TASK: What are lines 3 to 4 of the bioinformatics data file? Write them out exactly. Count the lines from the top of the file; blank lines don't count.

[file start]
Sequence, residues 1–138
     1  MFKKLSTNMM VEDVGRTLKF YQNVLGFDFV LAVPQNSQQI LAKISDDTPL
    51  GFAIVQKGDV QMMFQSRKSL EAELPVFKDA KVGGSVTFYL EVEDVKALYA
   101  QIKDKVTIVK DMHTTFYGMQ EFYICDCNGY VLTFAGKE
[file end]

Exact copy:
    51  GFAIVQKGDV QMMFQSRKSL EAELPVFKDA KVGGSVTFYL EVEDVKALYA
   101  QIKDKVTIVK DMHTTFYGMQ EFYICDCNGY VLTFAGKE